Shakespeare famously likened life to a stage. Many Shakespeare quotes have become clichés. Nonetheless, this one popped into my mind this morning:
All the world’s a stage,
And all the men and women merely players;
They have their exits and their entrances …
[As you like it, II 7]
I hasten to add that I have neither received my exit cue from the Great Director, nor am I expecting it any time soon. But Shakespeare’s simile applies as much to the daily aspects of our lives as it does to grand entrances and exits. I am at a mini-exit in that I have nearly finished the exercise classes that I wrote about previously. I am wondering what to do next, and what life will be like when I don’t have to haul myself off to the Hawthorn Aquatic Centre three times a week.
Whatever I decide to do — more on that below — it feels like the end of an era. The classes began in November. The dreadful bushfire season and Christmas formed a background to the routine of class on Monday, Wednesday, and Friday. Fortunately we had a mini-break over Christmas, which came just in time — I was feeling quite worn out. Three times a week is just a bit too much. However, the exercise has had good effects. I have been a bit more flexible physically, and been slowly putting on a bit more muscle. The Zolodex, however, inhibits this process, so I haven’t been bulking up as much as I would have expected to. (I would have liked to lose a bit of the spare tyre, too! But this is also associated with the medication.) Nevertheless, the exercise has has minimised the muscle wastage that would otherwise have occurred. This by itself is a good reason to continue, at a level that I can sustain.
I will miss the social side of the process, meeting the other participants for coffee before class, and swapping prostate cancer war stories. Such things are a chance to find out what life is like for other fellas with PC. It possibly takes a circumstance like cancer to get Australian males at our stage of life to talk about themselves to total strangers — even, shock horror, about how they are feeling! Everyone has been very generous with their experiences. Having had the three big cancer treatments (cut, slash and poison), I have been able to give them some idea of how these have affected me. (I am always careful to add the rider — your mileage may vary.) At Christmas I gave them a bit of my spiced fudge. One of them lives in the next suburb to us, and keeps bees. I gave him quite a few of the empty jars I had in the garage, in return for which I have got several jars of the most delicious honey. (I am going to give him a jar of my lime marmalade as a quid pro quo.)
These acquaintances are like work friendships; after the work ceases, they could either continue, or come to a natural end. I am hoping it will be the former. Of course, this will depend on everyone feeling the same way, and being prepared to make the effort to keep getting together. We will have to see what happens next. However it works out, it has been very enjoyable and reassuring, somehow, to have the encouragement and support of people who know exactly what you are going through.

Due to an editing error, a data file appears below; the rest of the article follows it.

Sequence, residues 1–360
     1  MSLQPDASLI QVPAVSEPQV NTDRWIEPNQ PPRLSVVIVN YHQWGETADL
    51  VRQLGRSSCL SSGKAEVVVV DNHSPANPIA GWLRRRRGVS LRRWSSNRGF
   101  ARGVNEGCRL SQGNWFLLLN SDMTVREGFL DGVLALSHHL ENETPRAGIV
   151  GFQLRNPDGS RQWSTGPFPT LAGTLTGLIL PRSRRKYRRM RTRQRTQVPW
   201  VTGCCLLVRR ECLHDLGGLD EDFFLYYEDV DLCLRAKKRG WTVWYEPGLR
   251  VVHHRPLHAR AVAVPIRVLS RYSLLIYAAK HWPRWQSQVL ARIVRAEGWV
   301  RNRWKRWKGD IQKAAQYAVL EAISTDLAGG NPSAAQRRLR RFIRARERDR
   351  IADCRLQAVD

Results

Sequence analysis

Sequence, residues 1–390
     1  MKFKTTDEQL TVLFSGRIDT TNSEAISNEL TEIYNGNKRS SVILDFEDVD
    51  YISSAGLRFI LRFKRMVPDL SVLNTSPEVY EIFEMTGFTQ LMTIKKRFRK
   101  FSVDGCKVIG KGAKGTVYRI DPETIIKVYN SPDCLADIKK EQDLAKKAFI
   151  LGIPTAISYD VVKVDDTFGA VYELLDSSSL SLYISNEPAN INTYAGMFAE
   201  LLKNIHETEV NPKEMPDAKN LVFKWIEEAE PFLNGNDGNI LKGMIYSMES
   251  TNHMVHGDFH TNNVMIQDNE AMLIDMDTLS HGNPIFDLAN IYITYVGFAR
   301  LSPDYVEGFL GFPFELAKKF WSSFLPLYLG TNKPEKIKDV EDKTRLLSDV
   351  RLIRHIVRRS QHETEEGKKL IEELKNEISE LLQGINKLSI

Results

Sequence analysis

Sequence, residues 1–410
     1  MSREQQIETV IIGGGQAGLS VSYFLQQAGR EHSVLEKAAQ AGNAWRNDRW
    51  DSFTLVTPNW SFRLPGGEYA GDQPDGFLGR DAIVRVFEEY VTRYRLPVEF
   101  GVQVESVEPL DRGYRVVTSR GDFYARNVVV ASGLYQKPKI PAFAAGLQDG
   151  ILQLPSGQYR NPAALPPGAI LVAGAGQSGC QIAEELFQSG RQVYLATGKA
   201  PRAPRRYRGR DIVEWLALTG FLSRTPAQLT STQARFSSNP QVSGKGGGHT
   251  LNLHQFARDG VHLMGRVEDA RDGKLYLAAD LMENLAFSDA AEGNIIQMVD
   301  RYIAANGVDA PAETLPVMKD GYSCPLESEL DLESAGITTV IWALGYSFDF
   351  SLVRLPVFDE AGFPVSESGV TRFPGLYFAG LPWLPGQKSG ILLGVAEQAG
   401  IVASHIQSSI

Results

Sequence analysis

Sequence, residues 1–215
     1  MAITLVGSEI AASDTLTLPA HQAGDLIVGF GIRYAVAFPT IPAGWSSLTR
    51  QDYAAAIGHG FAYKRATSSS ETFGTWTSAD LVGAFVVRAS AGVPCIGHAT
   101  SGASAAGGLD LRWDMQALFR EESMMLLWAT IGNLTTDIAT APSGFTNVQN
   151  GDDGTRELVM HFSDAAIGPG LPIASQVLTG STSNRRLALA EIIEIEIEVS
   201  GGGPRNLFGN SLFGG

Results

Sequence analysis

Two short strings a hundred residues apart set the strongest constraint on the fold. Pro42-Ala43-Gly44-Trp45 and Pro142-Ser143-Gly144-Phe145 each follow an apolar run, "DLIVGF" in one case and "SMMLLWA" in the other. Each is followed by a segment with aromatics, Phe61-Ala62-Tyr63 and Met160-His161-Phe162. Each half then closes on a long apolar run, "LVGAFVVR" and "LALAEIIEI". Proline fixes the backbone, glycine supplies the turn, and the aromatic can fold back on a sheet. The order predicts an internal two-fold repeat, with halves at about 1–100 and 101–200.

So, what happens next? Before I started the research program last November, I had a membership in a local gym, and a weekly group class at an exercise physiology practice in Camberwell. (I put both of these on hold until February.) Instead of resuming at those places, though, I could continue with my membership at the Hawthorn Aquatic Centre. The cost there is very similar to the local gym. Also, the university will be continuing to run the research classes at Hawthorn, as they have been doing for a couple of years. An exercise physiology student will be supervising those classes, as at present, and they would keep an eye on me as well. They would also adjust my program as required. So I would sort-of be getting a two-in-one deal, with gym and exercise physio in one.
I looked at the cost saving of maintaining the Hawthorn membership over going back to the combination I had before November. Over a year, it comes to about $1400 — not a huge amount, but not nothing. On the other hand, I would miss out on working with the Camberwell exercise physiologist, of whom I have been a client for about eighteen months. And Camberwell is easier to get to, just a twenty minute tram ride. Hawthorn is about a half hour drive from home, or a one hour tram trip. So inevitably I would end up driving, and doing my bit for global warming.
However I decide, I am thankful to have these options to choose among. My oncologist certainly wants me to keep up the exercise. Exercise has had so much research showing its beneficial effects on cancer patients, it is becoming a front line treatment. As I heard someone say at an open day at Peter Mac: if you could get a medication which would reduce stress, risk of heart attack and stroke, improve sleep, and bring about a more positive outlook, with no side effects, you’d want some of that! These are generic benefits, but there are specific ones for cancer patients as well. The idea is that, if your blood is circulating faster, you are exposing the tumours to more of the effective compounds in the medication than if you are just sitting on your backside. So, although brevity is the soul of wit, it could keep me treading the boards a bit longer.